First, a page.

What does he say about computers? Here he is talking about the Arithmetic Logic Unit of a digital computers central processor (p. 16):

That unit (as we saw above) is composed of syllogistic logic gates that run mathematical equations of the form of “A = C.” And unlike the A → C connections of our synapses, the A = C connections of the Arithmetic Logic Unit are not one-way routes. They can be reversed without altering their meaning: “A = C” means exactly the same as “C = A,” just as “2 + 2 = 4” means exactly the same as “4 = 2 + 2,” or “Bob is that man over there” means exactly the same as “That man over there is Bob.”

Well, yes, it is true that “A = C” and “C = A” are equivalent. But Fletcher is talking about physical signals traveling in physical circuits. Here’s a stylized conceptual diagram of the circuitry of an Arithmetic Logic Unit that I got from Wikipedia. 

The OpCode indicates the logical operation to be performed on the operands coming in at the top to yield the result at the bottom. That’s a one-way circuit: A, B to Y. If direction of signal flow is all you need to for causal modeling, then it would seem that a computer’s ALU satisfies that condition.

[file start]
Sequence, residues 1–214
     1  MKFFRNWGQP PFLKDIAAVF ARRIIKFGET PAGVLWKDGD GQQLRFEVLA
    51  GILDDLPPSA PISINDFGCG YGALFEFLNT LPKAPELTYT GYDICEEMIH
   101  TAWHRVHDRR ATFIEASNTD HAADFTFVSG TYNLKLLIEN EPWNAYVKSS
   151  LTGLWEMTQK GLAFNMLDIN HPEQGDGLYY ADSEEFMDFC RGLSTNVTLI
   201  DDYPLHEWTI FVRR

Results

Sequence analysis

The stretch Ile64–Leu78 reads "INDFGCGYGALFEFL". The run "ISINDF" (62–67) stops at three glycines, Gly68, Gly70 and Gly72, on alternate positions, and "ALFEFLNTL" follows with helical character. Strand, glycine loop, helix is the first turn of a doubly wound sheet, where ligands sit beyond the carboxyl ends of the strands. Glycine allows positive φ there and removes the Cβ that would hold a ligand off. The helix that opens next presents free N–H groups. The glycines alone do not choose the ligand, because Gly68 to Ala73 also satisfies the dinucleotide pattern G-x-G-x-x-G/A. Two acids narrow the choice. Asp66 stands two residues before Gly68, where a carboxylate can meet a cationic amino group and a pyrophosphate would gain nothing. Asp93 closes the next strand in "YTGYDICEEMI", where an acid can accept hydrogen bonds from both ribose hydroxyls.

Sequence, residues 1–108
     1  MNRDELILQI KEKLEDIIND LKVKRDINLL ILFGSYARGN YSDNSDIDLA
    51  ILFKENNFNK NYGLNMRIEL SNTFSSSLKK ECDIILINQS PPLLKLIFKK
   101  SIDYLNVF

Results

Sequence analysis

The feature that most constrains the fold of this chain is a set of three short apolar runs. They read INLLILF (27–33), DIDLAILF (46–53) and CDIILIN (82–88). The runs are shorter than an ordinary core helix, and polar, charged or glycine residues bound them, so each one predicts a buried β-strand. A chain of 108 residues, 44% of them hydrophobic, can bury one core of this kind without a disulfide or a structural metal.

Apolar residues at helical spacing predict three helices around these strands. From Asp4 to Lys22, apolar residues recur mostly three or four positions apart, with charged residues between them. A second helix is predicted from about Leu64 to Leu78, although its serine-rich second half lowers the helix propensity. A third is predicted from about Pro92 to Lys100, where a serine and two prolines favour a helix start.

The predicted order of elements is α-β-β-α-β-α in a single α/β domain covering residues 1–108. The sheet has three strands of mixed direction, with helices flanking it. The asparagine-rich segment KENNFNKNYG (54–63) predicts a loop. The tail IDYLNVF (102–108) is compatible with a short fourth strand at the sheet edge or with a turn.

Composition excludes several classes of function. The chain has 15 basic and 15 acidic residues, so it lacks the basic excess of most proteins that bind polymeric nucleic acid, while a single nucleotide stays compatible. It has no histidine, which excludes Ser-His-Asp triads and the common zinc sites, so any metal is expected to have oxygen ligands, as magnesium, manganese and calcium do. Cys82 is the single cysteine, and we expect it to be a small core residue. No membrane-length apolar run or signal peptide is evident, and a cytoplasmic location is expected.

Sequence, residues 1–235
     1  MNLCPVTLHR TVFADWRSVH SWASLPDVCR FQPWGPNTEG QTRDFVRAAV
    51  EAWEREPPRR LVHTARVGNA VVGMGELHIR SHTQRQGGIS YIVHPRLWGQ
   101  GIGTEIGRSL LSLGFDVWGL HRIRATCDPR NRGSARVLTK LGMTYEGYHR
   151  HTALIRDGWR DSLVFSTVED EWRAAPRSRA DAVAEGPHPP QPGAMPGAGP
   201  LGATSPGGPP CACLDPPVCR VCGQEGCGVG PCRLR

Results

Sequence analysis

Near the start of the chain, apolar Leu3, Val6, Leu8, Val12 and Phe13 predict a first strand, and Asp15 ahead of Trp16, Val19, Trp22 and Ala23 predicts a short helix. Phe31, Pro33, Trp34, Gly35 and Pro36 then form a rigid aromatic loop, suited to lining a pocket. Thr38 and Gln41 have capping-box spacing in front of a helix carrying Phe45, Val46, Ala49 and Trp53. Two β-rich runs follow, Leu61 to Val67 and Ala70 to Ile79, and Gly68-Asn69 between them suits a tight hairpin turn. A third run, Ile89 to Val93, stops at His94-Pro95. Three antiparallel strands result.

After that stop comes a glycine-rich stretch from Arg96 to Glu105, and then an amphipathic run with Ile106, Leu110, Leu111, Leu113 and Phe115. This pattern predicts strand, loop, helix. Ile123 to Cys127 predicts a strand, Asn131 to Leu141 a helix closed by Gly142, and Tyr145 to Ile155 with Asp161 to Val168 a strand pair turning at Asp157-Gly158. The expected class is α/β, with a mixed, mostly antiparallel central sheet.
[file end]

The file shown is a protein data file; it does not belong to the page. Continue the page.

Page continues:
Alas, now things get complicated. The hardware, the ALU, switches simple electrical signals. What those signals represent, however, is a function of the software the computer is running at the time. This distinction between hardware and software doesn’t exist for nervous systems. Nervous systems consist of living cells more or less fixed in place but which, as Fletcher noted, can modify the way each interacts with the others.

Digital computers are very versatile and have been programmed to function in many domains. The domain is encoded in the software and the data drawn upon and generated through the software. Whether or not a computer is simulating the causal interactions of light photons in a CGI rendering package, of atoms in protein folding, or the more modest ordering of alphanumeric characters in a word processor, the logic gates of the ALU switch the signals on which the software depends.

Yes, the ability of computers to generate coherent narrative is limited, though researchers have been working on it half a century. They’ve been working on reading narrative – for various senses of “read” – as long, with limited results. Will computers ever be able to deal with narrative as fluently as humans do? I doubt it, but I’m not inclined the blame the limitations on the operations of ALUs.